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Award Abstract #1314631

SBE TTP: Medium: Securing Cyber Space: Understanding the Cyber Attackers and Attacks via Social Media Analytics

NSF Org: SES
Divn Of Social and Economic Sciences
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Initial Amendment Date: August 29, 2013
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Latest Amendment Date: March 4, 2016
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Award Number: 1314631
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Award Instrument: Standard Grant
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Program Manager: Heng Xu
SES Divn Of Social and Economic Sciences
SBE Direct For Social, Behav & Economic Scie
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Start Date: September 1, 2013
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End Date: August 31, 2016 (Estimated)
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Awarded Amount to Date: $1,301,944.00
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Investigator(s): Hsinchun Chen hchen@eller.arizona.edu (Principal Investigator)
Daniel Zeng (Former Principal Investigator)
Ronald Breiger (Co-Principal Investigator)
Salim Hariri (Co-Principal Investigator)
Thomas Holt (Co-Principal Investigator)
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Sponsor: University of Arizona
888 N Euclid Ave
Tucson, AZ 85719-4824 (520)626-6000
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NSF Program(s): Secure &Trustworthy Cyberspace
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Program Reference Code(s): 0000, 7924, OTHR, 7434, 9178, 9251, SMET, 9179
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Program Element Code(s): 8060

ABSTRACT

As society becomes more dependent on cyber infrastructure, the security of networks and information technologies has become a growing concern. Individuals, businesses, and governmental organizations are now common victims of cyber-attacks that seek to steal private data, gain remote control over remote systems, and cause harm to networks and systems through other malicious means. Additionally, critical infrastructures such as smart power grids and communication networks are facing an increasing number of cyber-based threats. As a result, many researchers and security practitioners have begun to investigate cyber attacker communities in order to learn more about cyber attacker behaviors, emerging threats, and the cybercriminal supply chain. Unfortunately, there is a lack of established science for cyber security research. The lack of literature is problematic for researchers wanting to learn more so that they may contribute to and advance the current state of cyber security research. For example, many cyber attacker communities take careful measures to hide themselves by employing anti-crawling measures. This would be a challenge for many researchers and security practitioners. Furthermore, some may find cyber attacker community discussion difficult to interpret due to cyber attacker jargon, advanced security concepts, or foreign contents belonging to cyber attacker groups spanning across different countries or regions.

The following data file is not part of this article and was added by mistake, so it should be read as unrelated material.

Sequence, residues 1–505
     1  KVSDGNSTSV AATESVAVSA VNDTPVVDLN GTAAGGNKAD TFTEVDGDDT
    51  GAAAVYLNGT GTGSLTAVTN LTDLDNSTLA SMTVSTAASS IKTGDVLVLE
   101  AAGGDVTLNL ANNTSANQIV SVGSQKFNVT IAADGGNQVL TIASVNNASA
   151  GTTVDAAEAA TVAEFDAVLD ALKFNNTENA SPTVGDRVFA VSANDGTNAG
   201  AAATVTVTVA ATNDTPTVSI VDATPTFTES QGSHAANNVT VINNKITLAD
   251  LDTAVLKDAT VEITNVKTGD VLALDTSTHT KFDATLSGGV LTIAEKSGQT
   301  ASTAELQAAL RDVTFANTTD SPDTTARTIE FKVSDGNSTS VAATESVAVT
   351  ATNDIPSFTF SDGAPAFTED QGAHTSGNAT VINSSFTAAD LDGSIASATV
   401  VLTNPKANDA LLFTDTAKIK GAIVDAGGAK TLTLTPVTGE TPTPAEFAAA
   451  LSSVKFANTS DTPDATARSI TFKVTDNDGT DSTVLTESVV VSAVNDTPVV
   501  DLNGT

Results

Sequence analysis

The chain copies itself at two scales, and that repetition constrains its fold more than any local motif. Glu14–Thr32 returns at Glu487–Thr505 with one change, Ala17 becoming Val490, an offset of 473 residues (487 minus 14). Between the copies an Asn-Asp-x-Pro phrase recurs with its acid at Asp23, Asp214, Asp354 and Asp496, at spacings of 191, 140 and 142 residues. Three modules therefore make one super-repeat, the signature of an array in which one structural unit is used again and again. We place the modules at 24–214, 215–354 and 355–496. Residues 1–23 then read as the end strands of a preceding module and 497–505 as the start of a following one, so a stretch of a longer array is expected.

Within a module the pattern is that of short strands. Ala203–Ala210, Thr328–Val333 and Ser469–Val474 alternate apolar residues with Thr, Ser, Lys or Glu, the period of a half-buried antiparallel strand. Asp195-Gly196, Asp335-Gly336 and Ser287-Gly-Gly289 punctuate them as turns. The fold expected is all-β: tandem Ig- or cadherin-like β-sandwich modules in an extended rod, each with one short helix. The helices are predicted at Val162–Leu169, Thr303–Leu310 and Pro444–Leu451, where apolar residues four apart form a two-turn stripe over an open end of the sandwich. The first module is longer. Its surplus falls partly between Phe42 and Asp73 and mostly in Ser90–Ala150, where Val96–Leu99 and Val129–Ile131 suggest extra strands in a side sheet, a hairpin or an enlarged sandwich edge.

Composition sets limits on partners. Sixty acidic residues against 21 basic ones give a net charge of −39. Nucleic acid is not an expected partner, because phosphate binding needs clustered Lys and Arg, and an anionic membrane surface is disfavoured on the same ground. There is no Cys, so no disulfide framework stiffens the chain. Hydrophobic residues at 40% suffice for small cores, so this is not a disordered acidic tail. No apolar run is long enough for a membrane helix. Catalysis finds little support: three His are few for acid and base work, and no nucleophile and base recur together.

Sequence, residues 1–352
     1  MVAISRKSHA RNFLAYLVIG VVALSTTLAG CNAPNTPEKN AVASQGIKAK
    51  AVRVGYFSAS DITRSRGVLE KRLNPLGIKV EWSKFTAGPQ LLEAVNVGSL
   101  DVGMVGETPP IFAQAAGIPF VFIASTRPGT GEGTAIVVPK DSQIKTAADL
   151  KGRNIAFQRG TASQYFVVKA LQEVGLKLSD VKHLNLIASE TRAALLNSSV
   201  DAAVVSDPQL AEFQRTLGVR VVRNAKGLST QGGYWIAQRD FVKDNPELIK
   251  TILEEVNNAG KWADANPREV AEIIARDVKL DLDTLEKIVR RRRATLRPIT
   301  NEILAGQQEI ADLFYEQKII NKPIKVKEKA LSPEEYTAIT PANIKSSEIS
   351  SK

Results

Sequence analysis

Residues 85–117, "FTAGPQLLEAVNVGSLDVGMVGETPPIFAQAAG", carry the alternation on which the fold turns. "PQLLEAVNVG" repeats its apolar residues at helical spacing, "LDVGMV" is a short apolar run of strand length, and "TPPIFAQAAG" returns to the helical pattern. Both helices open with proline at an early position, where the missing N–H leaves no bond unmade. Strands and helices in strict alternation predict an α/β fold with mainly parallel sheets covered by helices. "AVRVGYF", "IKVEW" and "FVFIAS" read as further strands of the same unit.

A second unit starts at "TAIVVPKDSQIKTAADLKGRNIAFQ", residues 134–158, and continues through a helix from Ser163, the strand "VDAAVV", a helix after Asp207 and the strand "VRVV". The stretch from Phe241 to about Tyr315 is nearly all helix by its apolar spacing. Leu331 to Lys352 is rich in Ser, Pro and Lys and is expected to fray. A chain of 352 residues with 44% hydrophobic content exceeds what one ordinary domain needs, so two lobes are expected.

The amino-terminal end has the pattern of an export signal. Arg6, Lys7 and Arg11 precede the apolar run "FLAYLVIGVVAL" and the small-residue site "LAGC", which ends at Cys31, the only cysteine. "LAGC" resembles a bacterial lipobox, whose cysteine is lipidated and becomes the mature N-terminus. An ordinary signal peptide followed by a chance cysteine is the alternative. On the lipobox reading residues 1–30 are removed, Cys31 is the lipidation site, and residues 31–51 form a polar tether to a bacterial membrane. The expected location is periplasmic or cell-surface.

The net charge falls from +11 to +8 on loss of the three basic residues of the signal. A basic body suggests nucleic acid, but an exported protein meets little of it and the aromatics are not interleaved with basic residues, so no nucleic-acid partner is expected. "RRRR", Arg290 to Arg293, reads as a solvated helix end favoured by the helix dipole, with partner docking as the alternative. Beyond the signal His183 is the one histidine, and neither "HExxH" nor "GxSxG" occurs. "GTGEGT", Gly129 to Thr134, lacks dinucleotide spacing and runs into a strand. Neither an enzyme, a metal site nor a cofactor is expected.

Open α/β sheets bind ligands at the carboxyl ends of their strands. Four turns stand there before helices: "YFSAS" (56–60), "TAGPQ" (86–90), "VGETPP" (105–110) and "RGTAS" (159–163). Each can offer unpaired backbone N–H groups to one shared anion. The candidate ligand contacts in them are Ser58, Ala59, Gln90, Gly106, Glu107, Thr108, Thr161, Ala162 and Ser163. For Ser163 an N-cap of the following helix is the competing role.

For these reasons, research studying hacker communities is greatly needed, as well as research that advances others? capacity to understand and investigate contents from such communities. Specifically, the development of automated tools and analyses increases the potential for more cyber security research. Web mining and machine learning technologies can be used in tandem with social science methodologies to help answer many questions related to hacker behaviors and culture, illegal markets and covert networks, cybercriminal supply chain, malware analysis, emerging security threats, and other matters. There are many opportunities for extending current cyber security research by combining hacker community data with social science methodologies, computational techniques, and security analysis.

In this research, important questions about hacker behaviors, markets, community structure, community contents, artifacts, and cultural differences are explored. Automated techniques to collect and analyze data from forums, Internet Relay Chat, and honeypots will be developed. The development of such tools will help further proactive approaches for preventing cyber-based threats, rather than taking the traditional approach of reacting when something "bad" happens. Better understanding of hacker communities across multiple geopolitical regions will support a better understanding of cybercriminal behavior, and improved and safer practices for security researchers and practitioners.

The proposed integrated computational framework and the resulting algorithms and software will also allow social science researchers and security practitioners to closely examine how cyber attacker groups form, develop, and spread their ideas; identify important and influential cyber criminals in the online world; and develop the means to recognize online hacker identities through their communication and interaction styles. Knowing more about cyber criminals, hackers, and their illegal black markets can help policy makers and security professionals make better decisions about how to prevent or respond to attacks.

The proposed work also contributes to the educational and professional development of the student research associates who contribute to it. They will learn sound research methods, and how to write about and present their work for scientific and other professional audiences.

 

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